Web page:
and wherein to determine a set of conjugate samples of the projection data that formulate a set of parallel projections, said system is configured to determine a set of region boundaries formulated by β
_{k}−γ, where β_{k }is a projection angle at which detector row k intersects a plane of reconstruction. 15. A system in accordance with
16. A system in accordance with
17. A system in accordance with
18. A system in accordance with
19. A system in accordance with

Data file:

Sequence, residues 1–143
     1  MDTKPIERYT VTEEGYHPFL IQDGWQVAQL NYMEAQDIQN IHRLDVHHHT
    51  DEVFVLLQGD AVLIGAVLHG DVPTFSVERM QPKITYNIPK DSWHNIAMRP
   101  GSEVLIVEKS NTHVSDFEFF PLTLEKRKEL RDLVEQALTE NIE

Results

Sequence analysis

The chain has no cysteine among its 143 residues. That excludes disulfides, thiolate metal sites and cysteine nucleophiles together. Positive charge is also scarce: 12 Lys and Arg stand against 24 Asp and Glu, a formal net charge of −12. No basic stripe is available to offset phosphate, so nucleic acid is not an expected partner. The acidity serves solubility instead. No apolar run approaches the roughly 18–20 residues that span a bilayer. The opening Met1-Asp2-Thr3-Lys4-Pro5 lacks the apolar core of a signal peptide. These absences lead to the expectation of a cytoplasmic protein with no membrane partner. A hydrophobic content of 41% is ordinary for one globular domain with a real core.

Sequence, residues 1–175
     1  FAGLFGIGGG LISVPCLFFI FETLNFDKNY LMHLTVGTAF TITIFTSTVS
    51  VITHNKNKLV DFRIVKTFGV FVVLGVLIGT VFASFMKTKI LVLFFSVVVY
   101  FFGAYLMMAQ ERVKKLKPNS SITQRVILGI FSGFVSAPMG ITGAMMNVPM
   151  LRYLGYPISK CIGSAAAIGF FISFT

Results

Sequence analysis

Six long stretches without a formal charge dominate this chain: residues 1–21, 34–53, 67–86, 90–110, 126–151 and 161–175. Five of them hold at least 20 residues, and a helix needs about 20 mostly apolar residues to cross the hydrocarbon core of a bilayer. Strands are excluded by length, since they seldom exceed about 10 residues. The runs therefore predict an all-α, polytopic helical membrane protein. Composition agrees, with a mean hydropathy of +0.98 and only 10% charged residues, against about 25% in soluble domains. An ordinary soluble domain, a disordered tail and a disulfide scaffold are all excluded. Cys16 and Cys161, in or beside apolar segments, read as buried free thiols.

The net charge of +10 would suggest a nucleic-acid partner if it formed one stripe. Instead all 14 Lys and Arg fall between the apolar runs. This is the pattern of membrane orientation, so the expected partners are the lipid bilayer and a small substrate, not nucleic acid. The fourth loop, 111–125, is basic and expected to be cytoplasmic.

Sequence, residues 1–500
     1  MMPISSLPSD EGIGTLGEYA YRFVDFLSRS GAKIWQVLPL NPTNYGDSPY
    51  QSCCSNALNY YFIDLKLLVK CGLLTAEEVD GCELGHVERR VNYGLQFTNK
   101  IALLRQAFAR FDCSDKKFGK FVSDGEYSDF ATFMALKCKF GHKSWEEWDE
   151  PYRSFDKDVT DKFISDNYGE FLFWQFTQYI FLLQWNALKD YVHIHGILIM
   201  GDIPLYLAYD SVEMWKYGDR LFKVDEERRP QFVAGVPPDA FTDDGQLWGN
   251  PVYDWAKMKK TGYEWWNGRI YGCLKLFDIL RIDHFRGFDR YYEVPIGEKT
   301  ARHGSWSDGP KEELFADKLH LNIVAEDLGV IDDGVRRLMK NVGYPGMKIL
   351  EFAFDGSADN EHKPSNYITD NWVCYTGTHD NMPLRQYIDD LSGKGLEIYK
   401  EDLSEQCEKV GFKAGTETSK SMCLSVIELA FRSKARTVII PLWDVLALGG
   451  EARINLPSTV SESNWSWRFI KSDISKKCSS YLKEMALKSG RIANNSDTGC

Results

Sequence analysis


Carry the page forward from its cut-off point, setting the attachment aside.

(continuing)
20. A system in accordance with
wherein said system being configured to apply a weighting function determined as a continuous function of a projection angle β to the projections at a plane of reconstruction for each image slice to be reconstructed comprises said system being configured to apply weighting functions written as:
where:
w
_{i }(β,γ) is a projection weighting function applied to a detector row i; γ is a detector angle;
β
_{i }is a projection angle at which an iso-ray of detector row i crosses a plane of reconstruction; β′
_{i}=β_{i}−γ is an angle of a parallel ray sample corresponding to a projection angle β_{i }of that sample; and β′
_{i+}=β′_{i}+π and β′_{i−}=β′_{i}−π. 21. A system in accordance with
22. A system in accordance with